As our days get busier, we are far more likely to reach for pre-packaged mixes and other convenience foods to lighten our load and make dinner prep a bit easier. These are some of my favorite homemade kitchen helpers you can make in advance and keep handy for those extra-hectic evenings… or even the non-hectic ones. Work smarter, not harder!
For those nights when a little dessert would hit the spot, but you simply don’t have the time to throw anything complicated together, allow me to introduce you to your new secret weapon:
Whip up a jar ahead of time and keep it on hand for creating quick, delicious and healthy baked fruit desserts in no time flat.
Spend less than two minutes slicing the fruit and spreading maple-cinnamon butter on the slices, then bake until tender. By the time you’re finished with dinner, a lovely, warm dessert is waiting ♥
Sometimes it never makes it to a plate and we just eat directly out of the pan… we’re fancy like that.
No pie crust necessary.
Despite my poor Granny Smith tree not making it through the winter, we still ended up with a fair number of enormous Honeycrisp apples on our lonely surviving tree. So far, the majority of those apples have become maple-cinnamon baked apples.
This simple, yet decadent concoction combines the complex sweetness of maple syrup and butter with the warm, comforting spice of cinnamon.
Maple syrup is a natural sweetener made from the concentrated sap of sugar maple trees. It doesn’t undergo the same extensive processing as refined white sugars. While still a sugar that should be used in moderation, maple syrup also has a lower glycemic index than white sugar and retains some of the nutritional value naturally found in maple sap, including calcium, potassium and small amounts of manganese and zinc.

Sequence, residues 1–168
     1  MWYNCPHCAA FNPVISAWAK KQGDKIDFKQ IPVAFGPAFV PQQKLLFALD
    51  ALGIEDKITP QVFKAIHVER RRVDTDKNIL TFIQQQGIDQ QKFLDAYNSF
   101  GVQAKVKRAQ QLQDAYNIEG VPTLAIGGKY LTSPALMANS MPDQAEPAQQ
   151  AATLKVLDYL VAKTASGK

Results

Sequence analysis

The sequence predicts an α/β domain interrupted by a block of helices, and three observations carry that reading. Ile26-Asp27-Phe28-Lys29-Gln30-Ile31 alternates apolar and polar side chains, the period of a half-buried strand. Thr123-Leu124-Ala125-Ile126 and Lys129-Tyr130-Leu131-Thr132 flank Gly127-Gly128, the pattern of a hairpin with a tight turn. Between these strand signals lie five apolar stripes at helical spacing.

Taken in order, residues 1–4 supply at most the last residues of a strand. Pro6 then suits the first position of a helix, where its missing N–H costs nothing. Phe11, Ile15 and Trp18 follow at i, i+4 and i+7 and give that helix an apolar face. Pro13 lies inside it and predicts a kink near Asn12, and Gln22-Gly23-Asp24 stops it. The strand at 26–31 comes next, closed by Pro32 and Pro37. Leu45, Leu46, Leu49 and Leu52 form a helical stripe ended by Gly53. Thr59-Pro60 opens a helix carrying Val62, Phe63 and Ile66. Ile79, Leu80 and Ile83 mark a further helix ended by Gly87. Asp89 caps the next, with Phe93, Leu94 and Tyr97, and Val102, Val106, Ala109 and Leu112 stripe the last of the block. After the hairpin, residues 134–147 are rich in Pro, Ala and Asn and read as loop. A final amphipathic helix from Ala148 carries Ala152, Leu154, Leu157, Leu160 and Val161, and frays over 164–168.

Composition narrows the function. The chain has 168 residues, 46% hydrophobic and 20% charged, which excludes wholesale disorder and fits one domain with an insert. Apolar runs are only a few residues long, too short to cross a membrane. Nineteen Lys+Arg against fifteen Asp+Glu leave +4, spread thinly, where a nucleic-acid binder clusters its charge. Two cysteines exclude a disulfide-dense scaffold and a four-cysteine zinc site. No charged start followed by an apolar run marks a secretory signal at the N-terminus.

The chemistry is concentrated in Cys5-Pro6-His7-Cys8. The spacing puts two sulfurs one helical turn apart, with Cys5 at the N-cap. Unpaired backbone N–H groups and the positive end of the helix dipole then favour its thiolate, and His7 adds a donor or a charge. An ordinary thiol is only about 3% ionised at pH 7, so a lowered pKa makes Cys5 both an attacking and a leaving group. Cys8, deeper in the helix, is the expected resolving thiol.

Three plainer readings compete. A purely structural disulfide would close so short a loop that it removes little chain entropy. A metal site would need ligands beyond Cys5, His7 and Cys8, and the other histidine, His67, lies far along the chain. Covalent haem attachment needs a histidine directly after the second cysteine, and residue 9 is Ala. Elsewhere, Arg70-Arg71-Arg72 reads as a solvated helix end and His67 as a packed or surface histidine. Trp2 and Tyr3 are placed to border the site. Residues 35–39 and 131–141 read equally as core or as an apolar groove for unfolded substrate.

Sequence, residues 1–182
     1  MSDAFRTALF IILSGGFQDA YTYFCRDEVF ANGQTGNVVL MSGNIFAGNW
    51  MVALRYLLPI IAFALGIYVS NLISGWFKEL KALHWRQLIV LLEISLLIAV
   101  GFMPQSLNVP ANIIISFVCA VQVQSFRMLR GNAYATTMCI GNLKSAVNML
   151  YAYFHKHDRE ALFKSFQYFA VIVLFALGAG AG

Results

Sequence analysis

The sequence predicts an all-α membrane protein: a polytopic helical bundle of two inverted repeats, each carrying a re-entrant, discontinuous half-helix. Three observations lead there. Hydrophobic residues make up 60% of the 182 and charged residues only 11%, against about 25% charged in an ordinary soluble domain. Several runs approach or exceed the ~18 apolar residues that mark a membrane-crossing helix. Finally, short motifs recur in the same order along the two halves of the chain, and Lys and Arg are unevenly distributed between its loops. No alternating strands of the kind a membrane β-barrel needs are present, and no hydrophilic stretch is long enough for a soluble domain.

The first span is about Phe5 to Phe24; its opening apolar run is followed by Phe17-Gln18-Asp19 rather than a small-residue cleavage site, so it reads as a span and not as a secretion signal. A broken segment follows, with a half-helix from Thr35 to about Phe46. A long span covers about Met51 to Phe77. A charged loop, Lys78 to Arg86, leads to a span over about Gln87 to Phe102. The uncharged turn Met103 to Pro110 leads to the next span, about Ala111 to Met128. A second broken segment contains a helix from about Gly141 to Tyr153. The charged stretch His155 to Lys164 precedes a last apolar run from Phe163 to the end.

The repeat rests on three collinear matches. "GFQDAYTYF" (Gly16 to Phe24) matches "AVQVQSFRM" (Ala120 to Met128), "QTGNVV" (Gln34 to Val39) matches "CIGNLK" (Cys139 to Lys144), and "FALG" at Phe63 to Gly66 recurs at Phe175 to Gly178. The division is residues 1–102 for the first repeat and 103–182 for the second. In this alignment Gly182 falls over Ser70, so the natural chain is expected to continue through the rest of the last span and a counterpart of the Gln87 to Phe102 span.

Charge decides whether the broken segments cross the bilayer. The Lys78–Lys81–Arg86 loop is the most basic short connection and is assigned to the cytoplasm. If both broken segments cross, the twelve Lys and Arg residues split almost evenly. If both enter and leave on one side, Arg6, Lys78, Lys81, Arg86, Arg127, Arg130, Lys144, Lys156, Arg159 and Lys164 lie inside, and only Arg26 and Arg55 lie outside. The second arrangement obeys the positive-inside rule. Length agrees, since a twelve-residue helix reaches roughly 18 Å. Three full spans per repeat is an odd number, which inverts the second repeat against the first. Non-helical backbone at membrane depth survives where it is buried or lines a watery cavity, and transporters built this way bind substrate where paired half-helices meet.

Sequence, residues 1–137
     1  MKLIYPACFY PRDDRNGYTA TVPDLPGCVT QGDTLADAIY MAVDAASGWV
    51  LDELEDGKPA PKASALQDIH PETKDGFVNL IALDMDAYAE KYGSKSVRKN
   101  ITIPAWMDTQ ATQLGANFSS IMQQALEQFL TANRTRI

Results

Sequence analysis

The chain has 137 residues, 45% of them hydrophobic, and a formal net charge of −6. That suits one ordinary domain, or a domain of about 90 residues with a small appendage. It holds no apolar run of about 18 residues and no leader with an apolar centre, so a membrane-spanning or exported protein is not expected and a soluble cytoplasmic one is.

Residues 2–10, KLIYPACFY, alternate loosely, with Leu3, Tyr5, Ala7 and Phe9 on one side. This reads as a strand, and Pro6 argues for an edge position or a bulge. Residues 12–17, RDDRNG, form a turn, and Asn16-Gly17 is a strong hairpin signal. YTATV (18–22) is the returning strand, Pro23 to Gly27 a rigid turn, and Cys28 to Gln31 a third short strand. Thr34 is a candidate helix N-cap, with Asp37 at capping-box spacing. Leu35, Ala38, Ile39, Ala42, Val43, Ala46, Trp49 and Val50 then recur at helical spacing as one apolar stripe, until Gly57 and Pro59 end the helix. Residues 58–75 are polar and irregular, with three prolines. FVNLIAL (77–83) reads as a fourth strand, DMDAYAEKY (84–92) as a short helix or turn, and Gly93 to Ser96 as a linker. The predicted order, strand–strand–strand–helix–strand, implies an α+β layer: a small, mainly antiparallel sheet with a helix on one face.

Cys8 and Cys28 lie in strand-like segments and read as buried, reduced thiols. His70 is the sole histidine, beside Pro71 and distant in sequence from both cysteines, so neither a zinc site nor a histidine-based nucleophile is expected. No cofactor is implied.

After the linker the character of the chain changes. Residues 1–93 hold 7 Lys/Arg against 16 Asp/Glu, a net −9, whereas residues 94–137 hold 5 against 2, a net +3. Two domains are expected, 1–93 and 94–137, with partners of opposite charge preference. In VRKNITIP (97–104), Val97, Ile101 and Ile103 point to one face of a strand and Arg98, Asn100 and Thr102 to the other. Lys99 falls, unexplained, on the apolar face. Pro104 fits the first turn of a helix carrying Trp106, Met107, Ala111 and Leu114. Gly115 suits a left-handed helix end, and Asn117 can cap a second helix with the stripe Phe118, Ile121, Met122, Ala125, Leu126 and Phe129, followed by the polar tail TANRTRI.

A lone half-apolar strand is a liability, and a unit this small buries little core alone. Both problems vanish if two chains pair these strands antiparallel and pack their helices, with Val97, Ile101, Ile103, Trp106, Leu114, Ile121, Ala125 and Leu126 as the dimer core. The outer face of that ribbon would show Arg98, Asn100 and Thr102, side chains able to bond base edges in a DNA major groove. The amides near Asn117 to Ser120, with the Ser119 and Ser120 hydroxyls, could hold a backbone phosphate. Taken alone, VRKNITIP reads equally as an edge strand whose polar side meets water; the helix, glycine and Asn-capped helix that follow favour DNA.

Ceylon cinnamon, also known as “true” cinnamon, comes from the inner bark of the Cinnamomum verum tree. Ceylon cinnamon is rich in antioxidants and has been studied for its potential anti-inflammatory and blood sugar-regulating properties.
Cinnamon is also promotes healthy digestion and alleviate gastrointestinal discomfort, so not too shabby for an after-dinner indulgence!
This recipe works well for apples, pears and most stone fruits. You can try swapping out the maple syrup for honey for a (full) GAPS-friendly alternative.
It’s also super-easy to scale. Mr. Redheaded Herbalist and I typically only make half of a large apple at a time. It’s just enough for a light but satisfying after-dinner treat for the two of us.
I find this recipe to be especially handy for impromptu company or last-minute dessert cravings. Kid tested and approved!
Let me know if you try it!